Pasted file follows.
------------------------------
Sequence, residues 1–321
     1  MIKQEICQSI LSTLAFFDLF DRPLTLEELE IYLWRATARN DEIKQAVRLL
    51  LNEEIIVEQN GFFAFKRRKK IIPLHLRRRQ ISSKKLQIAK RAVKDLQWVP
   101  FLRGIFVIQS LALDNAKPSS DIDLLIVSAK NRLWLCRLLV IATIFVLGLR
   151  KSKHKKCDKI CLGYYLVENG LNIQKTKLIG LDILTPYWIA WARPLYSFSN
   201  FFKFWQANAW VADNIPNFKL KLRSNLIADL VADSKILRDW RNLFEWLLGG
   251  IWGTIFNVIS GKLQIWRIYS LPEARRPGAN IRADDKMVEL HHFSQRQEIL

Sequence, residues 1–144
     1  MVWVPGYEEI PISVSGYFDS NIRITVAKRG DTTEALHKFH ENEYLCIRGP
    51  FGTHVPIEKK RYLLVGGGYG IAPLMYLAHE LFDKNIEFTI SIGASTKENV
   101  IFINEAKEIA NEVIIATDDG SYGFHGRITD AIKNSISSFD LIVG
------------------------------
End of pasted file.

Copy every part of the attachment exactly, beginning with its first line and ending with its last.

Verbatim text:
Sequence, residues 1–321
     1  MIKQEICQSI LSTLAFFDLF DRPLTLEELE IYLWRATARN DEIKQAVRLL
    51  LNEEIIVEQN GFFAFKRRKK IIPLHLRRRQ ISSKKLQIAK RAVKDLQWVP
   101  FLRGIFVIQS LALDNAKPSS DIDLLIVSAK NRLWLCRLLV IATIFVLGLR
   151  KSKHKKCDKI CLGYYLVENG LNIQKTKLIG LDILTPYWIA WARPLYSFSN
   201  FFKFWQANAW VADNIPNFKL KLRSNLIADL VADSKILRDW RNLFEWLLGG
   251  IWGTIFNVIS GKLQIWRIYS LPEARRPGAN IRADDKMVEL HHFSQRQEIL

Sequence, residues 1–144
     1  MVWVPGYEEI PISVSGYFDS NIRITVAKRG DTTEALHKFH ENEYLCIRGP
    51  FGTHVPIEKK RYLLVGGGYG IAPLMYLAHE LFDKNIEFTI SIGASTKENV
   101  IFINEAKEIA NEVIIATDDG SYGFHGRITD AIKNSISSFD LIVG